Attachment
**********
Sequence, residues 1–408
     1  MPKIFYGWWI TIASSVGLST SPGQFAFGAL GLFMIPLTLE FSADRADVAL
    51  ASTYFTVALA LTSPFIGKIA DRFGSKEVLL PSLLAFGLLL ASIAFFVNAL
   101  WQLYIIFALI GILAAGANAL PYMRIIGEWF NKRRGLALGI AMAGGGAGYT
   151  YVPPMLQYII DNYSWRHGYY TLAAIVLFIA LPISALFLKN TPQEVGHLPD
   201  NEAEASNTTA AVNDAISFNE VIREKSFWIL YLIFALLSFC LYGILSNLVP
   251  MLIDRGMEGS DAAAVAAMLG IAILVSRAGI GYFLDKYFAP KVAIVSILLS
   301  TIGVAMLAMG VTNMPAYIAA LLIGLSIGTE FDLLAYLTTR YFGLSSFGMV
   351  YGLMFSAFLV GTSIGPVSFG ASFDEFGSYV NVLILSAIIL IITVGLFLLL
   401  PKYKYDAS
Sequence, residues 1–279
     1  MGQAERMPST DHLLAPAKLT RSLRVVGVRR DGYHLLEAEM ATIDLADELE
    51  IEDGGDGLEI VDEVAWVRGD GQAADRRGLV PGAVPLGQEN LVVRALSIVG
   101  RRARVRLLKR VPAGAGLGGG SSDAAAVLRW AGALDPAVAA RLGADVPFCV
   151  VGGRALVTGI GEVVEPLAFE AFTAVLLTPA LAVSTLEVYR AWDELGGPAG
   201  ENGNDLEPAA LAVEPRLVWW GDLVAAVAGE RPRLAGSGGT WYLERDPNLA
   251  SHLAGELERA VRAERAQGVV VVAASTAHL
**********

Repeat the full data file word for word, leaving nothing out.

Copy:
Sequence, residues 1–408
     1  MPKIFYGWWI TIASSVGLST SPGQFAFGAL GLFMIPLTLE FSADRADVAL
    51  ASTYFTVALA LTSPFIGKIA DRFGSKEVLL PSLLAFGLLL ASIAFFVNAL
   101  WQLYIIFALI GILAAGANAL PYMRIIGEWF NKRRGLALGI AMAGGGAGYT
   151  YVPPMLQYII DNYSWRHGYY TLAAIVLFIA LPISALFLKN TPQEVGHLPD
   201  NEAEASNTTA AVNDAISFNE VIREKSFWIL YLIFALLSFC LYGILSNLVP
   251  MLIDRGMEGS DAAAVAAMLG IAILVSRAGI GYFLDKYFAP KVAIVSILLS
   301  TIGVAMLAMG VTNMPAYIAA LLIGLSIGTE FDLLAYLTTR YFGLSSFGMV
   351  YGLMFSAFLV GTSIGPVSFG ASFDEFGSYV NVLILSAIIL IITVGLFLLL
   401  PKYKYDAS
Sequence, residues 1–279
     1  MGQAERMPST DHLLAPAKLT RSLRVVGVRR DGYHLLEAEM ATIDLADELE
    51  IEDGGDGLEI VDEVAWVRGD GQAADRRGLV PGAVPLGQEN LVVRALSIVG
   101  RRARVRLLKR VPAGAGLGGG SSDAAAVLRW AGALDPAVAA RLGADVPFCV
   151  VGGRALVTGI GEVVEPLAFE AFTAVLLTPA LAVSTLEVYR AWDELGGPAG
   201  ENGNDLEPAA LAVEPRLVWW GDLVAAVAGE RPRLAGSGGT WYLERDPNLA
   251  SHLAGELERA VRAERAQGVV VVAASTAHL